Here at Big 5, we’re often asked whether all calories are created equal. While this question may sound simple, the answer is a little more complicated. Yes, the properties of all calories are equal, at least on paper. However, each body breaks down different calories in food uniquely, meaning they have a different effect on each individual.
As well as being an energy source, fats can also slow digestion, deliver important vitamins to the body, which in-turn provides integral properties for our cells to build off of.
All fats in our diet provide approximately 9 calories per gram; however, some fats are obviously better than others. Artificial trans fats can lead to increased inflammation and heart disease, compared to polyunsaturated omega-3 fats that have protective, anti-inflammatory properties.
The primary role of protein is to not only slow our digestion, but to also regulate and create new cells. Protein plays the largest and most significant role during childhood, early adulthood and also during pregnancy, as this is when the body is growing and adding new tissues.
All proteins comprise approximately 4 calories per gram, however this can vary depending on the quality. If your protein is of a higher quality (fish, eggs) then it can help to reduce your appetite, while assisting in muscle recovery and repair. However, if your protein is comprised of lower quality materials (burger meat), then it may be loaded with amino acids, which have been linked to insulin resistance and related metabolic diseases.
Out of all calories in food, carbohydrates are the most complex. This is mostly due to the face that our bodies use various carbohydrates (fibre, sugar, starch and so on) in various ways.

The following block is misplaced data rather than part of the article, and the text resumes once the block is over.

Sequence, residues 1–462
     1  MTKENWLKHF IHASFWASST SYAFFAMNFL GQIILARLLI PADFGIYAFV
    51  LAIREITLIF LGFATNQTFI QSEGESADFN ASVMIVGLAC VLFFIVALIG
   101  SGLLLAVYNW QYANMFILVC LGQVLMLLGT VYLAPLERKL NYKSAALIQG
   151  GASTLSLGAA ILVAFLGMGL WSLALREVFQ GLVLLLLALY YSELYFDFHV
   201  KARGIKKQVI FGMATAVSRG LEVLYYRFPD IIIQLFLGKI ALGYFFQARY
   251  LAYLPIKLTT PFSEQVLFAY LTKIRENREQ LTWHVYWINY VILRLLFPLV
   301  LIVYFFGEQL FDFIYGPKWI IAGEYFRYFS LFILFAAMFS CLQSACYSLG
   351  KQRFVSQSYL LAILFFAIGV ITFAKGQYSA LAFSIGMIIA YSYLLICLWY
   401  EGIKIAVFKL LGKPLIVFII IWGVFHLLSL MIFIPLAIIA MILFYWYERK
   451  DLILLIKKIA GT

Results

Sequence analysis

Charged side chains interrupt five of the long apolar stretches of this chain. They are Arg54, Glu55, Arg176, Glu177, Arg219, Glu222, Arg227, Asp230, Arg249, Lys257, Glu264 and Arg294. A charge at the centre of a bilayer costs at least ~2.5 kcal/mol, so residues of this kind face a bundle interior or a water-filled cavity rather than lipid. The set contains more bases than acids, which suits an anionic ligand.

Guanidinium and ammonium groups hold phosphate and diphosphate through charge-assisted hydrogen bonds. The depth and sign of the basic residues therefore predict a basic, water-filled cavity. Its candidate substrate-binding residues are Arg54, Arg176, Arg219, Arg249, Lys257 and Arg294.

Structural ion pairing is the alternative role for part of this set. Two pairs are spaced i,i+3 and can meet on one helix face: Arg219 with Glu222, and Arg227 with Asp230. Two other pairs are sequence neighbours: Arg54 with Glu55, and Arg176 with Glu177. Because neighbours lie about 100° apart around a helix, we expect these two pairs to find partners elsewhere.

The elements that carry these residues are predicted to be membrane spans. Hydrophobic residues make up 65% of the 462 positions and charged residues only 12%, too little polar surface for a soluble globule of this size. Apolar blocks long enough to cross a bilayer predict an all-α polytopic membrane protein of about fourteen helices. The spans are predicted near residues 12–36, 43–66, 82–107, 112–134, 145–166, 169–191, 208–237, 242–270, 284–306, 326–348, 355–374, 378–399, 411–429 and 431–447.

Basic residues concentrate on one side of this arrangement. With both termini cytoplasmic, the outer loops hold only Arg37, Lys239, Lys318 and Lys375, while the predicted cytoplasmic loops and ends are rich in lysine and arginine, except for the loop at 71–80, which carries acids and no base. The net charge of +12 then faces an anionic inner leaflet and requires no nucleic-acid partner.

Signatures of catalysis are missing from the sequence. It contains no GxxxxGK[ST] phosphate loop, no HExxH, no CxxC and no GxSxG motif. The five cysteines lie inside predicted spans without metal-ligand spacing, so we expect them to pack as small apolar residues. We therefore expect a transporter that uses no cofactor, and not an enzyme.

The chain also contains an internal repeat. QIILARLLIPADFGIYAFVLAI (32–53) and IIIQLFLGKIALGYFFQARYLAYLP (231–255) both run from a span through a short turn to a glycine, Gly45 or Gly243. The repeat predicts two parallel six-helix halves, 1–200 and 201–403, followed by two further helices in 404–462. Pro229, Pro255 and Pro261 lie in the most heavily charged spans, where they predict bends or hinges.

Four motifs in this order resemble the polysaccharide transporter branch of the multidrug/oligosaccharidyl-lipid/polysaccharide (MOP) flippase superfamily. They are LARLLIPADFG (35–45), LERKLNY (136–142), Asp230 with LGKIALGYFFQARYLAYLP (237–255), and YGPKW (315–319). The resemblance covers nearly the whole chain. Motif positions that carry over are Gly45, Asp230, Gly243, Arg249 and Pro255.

The brain, liver and muscles predominantly use carbohydrates as a quick source of energy, providing four calories per gram. However, there are varying degrees of healthiness to various carbohydrates, which depends mostly on its quality.
Fibre is considered a high quality carbohydrate, as its properties slow digestion and allow you to feel fuller for longer, all while moderating the absorption of other nutrients. For this reason, high quality carbohydrates require little processing, compared to lower quality carbohydrates, which lack fibre and can add empty calories to our diet.
As evident, the calorie from a carbohydrate is not the same as one from a fat or protein. Not all calories are created equal. Each individual processes a differing degree of absorption and digestion, it is important to follow this simple rule of thumb: that majority of your calorie count should come from minimally processed foods. This is because the quality of what we consume, determines the quality of calories that we consume, which cannot only impact our weight, but our overall health and well being.